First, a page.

Reading this description, one has the strong desire to see her face. How I wish the Archbishop would give permission for the black veils over the faces of the Founding Mothers to be drawn so we could see their features, as we can with St. Catherine Labouré in the Rue de Bac Church in Paris. What a confirmation in the Faith it would be for the faithful! What proof for the incredulous!
The Rosary of dawn procession
On the fourth day of the pilgrimage, Our Lady’s Feast Day, we joined the Rosary of the Dawn Procession. At 5:30 a.m., the streets in front of the Conceptionist Church teemed with excitement and expectation as several thousand people milled about awaiting the arrival of a smaller statue of Our Lady of Good Success to come out into the street.
The people of Quito love religious processions and they love Our Lady. So here they are – families, shopkeepers, business men, shoe shiners, maids – eager to greet her on her Feast Day and accompany her through the streets of Quito, praying the Rosary and singing hymns to honor her.
A festive Latin spirit dominates: people jostling to be close to the statue, general disorder in the crowds, thousands of rose petals streaming in the air to line her path, a brass band vigorously blaring, occasional bursts of fireworks - more loud than beautiful, like the band. Everything adds to the exuberant joy of the morning.
The procession wound through the City Square and colonial streets of Old Quito, then back to the Church, which quickly filled to capacity for the Novus Ordo Mass and Feast Day celebrations. There our group of pilgrims left the crowd and made our way again to the small cloister chapel that enshrined Mother Mariana’s body to assist at a Tridentine Mass. The calm and seriousness inside the cloister chapel made a striking contrast to the elation and festivities we had left behind and touched my soul deeply.
The inner courtyard of the Conceptionist Convent
Here we were, alone with Mother Mariana, who had suffered so much from her own sisters as well as the authorities – calumnies, isolation, mistreatment and even imprisonment – in order to maintain the observance of the Rule, to not deviate an inch from the purity of the Faith. Her hidden life of suffering inside the Convent seemed to be as a metaphor for our times. And her voice from the past seemed to call to us, inviting us to follow firmly and courageously in her footsteps, to resist the novelties of Vatican II and the bad morals and customs of the world that have invaded even inside the Church.
Our Lady’s smile
Later that day at around noon my friend Judy and I returned to the Conceptionist Church to say our farewell to Our Lady. The Church was closing at 1 p.m. and our bus was leaving soon for the last trek of our pilgrimage to see Our Lady of Las Lajas in Colombia.
The church was still packed with people! What a difference from 25 years ago, when only handfuls of persons trickled in and out all morning. As Judy and I began to work our way through the crowd to the front of the church, we saw a friend on the altar, waving to us. We reached her, and she slipped open the communion railing door and let us into the altar sanctuary. Some of the crowd pushed to enter also, and a few fortunate girls slipped in with us.
Above, still sad, but tender;
below, ten minutes later, the smile!
There we were, before Our Lady, the crowds behind us. As we knelt to pray, it seemed we were alone with her, to entreat her to intercede for all our friends and benefactors, to make acts of gratitude and pleas for favors. Her face was still so sorrowful, but it seemed more tender, as if she were responding to the crowds who had come to her, and to us, who knelt at her feet.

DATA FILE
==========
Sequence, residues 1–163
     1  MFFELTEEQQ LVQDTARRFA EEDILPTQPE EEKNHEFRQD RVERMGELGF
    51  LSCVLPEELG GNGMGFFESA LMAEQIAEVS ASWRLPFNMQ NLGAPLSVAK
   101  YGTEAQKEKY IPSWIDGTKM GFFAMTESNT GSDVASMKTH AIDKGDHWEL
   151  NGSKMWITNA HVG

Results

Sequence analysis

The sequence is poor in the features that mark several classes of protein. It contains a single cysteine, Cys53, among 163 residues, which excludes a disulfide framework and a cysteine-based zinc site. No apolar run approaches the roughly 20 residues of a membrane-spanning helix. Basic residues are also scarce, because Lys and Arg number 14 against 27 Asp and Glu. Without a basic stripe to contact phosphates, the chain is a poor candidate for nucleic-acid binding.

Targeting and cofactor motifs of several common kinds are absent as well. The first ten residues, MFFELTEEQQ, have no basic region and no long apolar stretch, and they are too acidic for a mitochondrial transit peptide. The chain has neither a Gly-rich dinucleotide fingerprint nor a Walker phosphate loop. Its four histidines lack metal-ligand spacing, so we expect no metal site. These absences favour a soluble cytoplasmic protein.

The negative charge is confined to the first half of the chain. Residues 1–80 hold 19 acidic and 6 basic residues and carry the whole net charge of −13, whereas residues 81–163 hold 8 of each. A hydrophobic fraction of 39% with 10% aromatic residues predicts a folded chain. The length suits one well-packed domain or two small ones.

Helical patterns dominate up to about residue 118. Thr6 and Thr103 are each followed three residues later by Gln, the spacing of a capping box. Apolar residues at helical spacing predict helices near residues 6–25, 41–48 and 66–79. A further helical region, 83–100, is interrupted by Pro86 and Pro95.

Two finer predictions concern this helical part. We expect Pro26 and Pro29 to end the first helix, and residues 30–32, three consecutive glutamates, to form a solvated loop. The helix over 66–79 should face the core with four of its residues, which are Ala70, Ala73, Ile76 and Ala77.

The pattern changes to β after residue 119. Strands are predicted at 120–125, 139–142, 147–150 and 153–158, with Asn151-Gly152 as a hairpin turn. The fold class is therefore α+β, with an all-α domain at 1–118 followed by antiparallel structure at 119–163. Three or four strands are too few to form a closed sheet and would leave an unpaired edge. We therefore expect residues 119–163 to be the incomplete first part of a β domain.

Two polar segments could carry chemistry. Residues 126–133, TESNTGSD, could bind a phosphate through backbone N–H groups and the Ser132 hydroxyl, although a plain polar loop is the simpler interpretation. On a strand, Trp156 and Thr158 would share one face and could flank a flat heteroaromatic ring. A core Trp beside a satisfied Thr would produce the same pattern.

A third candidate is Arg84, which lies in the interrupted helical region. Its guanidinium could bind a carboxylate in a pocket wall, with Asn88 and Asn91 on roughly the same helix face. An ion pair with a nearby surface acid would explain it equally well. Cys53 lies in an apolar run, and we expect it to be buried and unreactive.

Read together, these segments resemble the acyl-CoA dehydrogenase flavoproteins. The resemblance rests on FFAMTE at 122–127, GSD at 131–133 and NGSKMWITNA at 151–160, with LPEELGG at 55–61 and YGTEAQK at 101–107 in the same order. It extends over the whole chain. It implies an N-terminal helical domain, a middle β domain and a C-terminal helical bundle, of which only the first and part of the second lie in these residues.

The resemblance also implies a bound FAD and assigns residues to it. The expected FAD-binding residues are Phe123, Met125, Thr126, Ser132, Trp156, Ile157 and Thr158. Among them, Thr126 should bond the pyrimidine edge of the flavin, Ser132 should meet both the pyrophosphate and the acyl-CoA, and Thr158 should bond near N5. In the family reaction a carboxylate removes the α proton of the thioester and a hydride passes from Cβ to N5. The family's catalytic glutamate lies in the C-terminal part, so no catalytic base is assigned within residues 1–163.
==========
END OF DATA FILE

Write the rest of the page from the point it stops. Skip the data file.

It was nearing one o’clock, and we could hear the people behind us leaving the church. Andres Heckenkamp, representing the Apostolate of Our Lady of Good Success, had been taking articles from persons to touch to the small processional statue of Our Lady. Now, he was taking pictures of the miraculous statue with my camera.
The church would be closing in five minutes, and only a few persons were on the altar. Judy and I were making our last prayers and farewell; Andres was snapping pictures. Then Judy nudged me. “She is smiling,” she said. Andres rushed over with the same exclamation, “Look! She’s smiling!” He continued to take pictures.
It was the eyes that I had noticed first, more than the smile. It seemed to me that her gaze was changing: It was becoming warmer and more tender. Before, it had seemed cooler and more distant, at times even reproving. Now, her eyes looked down at us with a small smile, as if giving her approval for our work, our position of resistance, our fight against Vatican II. “I am pleased, my children,” she seemed to say. “Keep up the good fight.”
This was truly a great grace for me. Each morning I ask Our Lady to keep that smile in my memory - her sign to us to stay the good course until the end, and at that end, we can expect her victory.
Our second day, January 31, 2011, Our Lady of Good Success, still with an expression of sorrows
February 1, 2011; an impression of sadness, and a bit aloof
February 2, 2011, a smile seems to be forming
A grace from Our Lady: an expression of her warmth and approval
Posted February 18, 2011
Related Topics of Interest
Part II: The Last Day of Gabriel Garcia Moreno
Part III: Impressions of Our Lady of Good Success
Part IV: The Search for Garcia Moreno’s Body Ends
The Prophetic Mission of Mother Mariana
A Soldier Converts - Autobiography of Fr. Pereira
The Original Statue of Our Lady in Madrid
Prophecies of Fatima and Our Lady of Good Success
Testimonials from Readers
The Christ Child of Pinchincha
An Important Apparition
Related Works of Interest